The Dow rallied for a second straight day on Tuesday because Wall Street has renewed confidence that President Trump desires to strike a trade deal with China.
Even if he’s fudging the facts about the true state of US-China relations.
All of Wall Street’s major indices secured moderate opening bell advances, placing the US stock market on track to take another bite out of its August 23 plunge.
The Dow Jones Industrial Average quickly rallied 144.66 points or 0.56% to 26,043.49.
The S&P 500 shot even higher, bouncing 0.62% to 2,896.70.
The Nasdaq assembled the most impressive rally, jumping 0.7% to 7,909.03.
Stocks added to their previous-day rally amid widespread optimism that recent market sell-offs will encourage President Trump to abandon his hostile trade war posture – and his Dow-crippling retaliatory tariffs.
Indeed, the recovery increasingly appears predicated on pure hope, rather than concrete trade deal progress.
Trump sparked Monday’s rally with his claim that US negotiators had spoken to top Chinese negotiators over the weekend about resuming discussions in the near future.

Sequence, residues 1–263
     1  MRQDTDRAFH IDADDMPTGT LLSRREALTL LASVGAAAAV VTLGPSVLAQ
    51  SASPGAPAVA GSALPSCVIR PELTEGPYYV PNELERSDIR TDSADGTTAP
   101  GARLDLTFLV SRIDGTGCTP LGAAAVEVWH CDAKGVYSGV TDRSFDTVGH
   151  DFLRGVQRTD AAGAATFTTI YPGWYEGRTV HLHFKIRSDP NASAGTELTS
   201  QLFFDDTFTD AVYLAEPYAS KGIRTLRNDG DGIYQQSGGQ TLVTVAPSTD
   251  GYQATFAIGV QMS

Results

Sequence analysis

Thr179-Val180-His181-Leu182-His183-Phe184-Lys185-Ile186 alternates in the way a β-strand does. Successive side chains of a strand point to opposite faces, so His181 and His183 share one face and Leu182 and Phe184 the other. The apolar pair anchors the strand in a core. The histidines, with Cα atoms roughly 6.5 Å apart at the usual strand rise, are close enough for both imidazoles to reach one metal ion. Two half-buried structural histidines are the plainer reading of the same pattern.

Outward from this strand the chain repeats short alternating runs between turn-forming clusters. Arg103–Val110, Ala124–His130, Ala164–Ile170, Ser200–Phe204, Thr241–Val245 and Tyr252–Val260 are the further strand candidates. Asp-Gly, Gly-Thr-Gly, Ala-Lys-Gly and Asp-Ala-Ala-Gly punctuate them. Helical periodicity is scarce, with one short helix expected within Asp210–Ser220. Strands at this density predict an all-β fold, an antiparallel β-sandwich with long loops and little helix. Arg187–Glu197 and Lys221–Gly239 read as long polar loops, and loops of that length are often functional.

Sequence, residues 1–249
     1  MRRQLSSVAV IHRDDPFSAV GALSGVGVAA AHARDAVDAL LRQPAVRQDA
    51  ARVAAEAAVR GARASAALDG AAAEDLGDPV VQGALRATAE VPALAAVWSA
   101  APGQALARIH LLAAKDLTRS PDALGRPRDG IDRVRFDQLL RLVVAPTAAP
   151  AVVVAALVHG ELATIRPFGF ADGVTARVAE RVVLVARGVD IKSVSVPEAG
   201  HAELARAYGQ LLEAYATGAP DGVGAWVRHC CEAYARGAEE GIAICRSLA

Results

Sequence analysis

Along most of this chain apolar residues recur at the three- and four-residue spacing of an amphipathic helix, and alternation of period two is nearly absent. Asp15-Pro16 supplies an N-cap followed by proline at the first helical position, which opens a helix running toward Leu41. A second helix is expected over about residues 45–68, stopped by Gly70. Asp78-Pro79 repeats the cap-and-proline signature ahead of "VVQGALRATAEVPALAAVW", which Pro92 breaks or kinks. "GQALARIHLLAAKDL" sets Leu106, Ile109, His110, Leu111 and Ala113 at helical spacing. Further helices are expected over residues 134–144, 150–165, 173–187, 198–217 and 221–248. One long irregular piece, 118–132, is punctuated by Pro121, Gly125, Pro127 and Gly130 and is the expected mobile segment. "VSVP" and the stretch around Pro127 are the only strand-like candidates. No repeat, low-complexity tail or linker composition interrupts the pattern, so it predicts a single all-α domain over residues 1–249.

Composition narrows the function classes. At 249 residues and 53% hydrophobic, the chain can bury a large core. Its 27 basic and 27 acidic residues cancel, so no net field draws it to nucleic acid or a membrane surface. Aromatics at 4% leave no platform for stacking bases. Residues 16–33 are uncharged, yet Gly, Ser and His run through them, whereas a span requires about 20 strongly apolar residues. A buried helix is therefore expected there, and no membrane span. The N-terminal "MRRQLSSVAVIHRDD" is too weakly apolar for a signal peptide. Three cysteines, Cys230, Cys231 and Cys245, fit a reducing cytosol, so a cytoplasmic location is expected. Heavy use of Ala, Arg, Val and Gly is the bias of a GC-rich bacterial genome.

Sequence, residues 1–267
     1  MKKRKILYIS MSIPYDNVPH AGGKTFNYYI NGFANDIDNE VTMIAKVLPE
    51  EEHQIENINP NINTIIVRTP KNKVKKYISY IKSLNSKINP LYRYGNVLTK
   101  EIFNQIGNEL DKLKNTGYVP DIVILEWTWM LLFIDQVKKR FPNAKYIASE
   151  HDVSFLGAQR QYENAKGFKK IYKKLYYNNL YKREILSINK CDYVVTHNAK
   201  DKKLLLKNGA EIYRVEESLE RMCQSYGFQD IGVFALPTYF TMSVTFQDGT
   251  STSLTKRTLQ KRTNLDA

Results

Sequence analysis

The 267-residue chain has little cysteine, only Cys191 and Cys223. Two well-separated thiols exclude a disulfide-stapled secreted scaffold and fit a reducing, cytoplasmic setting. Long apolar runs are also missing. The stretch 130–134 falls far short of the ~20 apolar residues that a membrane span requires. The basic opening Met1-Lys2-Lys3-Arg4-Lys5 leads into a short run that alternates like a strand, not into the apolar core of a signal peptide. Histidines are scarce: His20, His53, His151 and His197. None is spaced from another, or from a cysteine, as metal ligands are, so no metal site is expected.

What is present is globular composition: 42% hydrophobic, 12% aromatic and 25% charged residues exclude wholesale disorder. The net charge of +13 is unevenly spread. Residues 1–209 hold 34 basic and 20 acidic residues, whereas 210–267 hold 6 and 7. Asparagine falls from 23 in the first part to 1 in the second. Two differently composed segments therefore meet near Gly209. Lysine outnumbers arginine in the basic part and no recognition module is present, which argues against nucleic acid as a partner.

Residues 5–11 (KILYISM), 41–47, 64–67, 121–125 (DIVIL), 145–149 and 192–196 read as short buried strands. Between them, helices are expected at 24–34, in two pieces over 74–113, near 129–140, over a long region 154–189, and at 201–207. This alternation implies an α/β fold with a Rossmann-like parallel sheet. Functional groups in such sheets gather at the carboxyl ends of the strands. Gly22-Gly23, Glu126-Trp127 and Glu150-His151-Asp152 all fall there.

What Wall Street believes is truly important is that Trump wants the market to think a call actually happened, which suggests that Friday’s Dow Jones rout spooked the president into softening his stance on China.
In a weird way, that could even be interpreted as being more bullish for the stock market than if US officials had spoken to Beijing.
That optimistic outlook will face a crucial test this week.
The Trump administration plans to implement a new round of tariffs on September 1 – this coming Sunday. Beijing also plans to hike tariffs on US imports on September 1, albeit to a much smaller degree.
If Trump has genuinely softened on China, the conditions are ripe for another tariff truce, which could set the stage for a return to the negotiating table.
However, if those tariffs kick in as scheduled, it could signal that even the so-called “Trump Put” has a limit.
Perhaps that’s one reason why Nomura analyst Masanari Takada predicts that the stock market will suffer a titanic sell-off as soon as next week, which he says would herald a “Lehman-like” crash.
“The U.S. stock market especially is facing its greatest test of the year thus far,” Takada said in a note to clients on Monday, according to CNBC, predicting that the market will soon experience “panic-selling by fundamentals-oriented investors and systematic selling by trend-following technical investors along the way.”
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Last modified (UTC): August 27, 2019 13:50